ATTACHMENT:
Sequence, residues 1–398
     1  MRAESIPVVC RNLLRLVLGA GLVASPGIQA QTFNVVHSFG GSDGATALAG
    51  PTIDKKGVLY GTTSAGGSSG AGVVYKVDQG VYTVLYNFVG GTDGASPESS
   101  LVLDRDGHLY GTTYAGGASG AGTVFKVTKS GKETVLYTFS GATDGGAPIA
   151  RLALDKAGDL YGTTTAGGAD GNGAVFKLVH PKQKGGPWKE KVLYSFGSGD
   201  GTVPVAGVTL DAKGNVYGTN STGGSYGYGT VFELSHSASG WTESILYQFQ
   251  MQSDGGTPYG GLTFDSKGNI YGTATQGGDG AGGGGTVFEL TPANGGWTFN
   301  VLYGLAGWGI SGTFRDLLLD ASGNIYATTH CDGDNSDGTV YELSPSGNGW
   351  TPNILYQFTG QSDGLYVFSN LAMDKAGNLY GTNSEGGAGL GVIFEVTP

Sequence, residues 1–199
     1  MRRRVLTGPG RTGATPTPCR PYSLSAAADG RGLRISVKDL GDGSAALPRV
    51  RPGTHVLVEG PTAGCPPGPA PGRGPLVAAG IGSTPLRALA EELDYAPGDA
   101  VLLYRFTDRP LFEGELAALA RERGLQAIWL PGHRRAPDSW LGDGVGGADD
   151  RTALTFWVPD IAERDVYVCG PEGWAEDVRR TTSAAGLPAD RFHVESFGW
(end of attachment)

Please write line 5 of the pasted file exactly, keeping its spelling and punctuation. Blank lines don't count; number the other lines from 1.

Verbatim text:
   151  RLALDKAGDL YGTTTAGGAD GNGAVFKLVH PKQKGGPWKE KVLYSFGSGD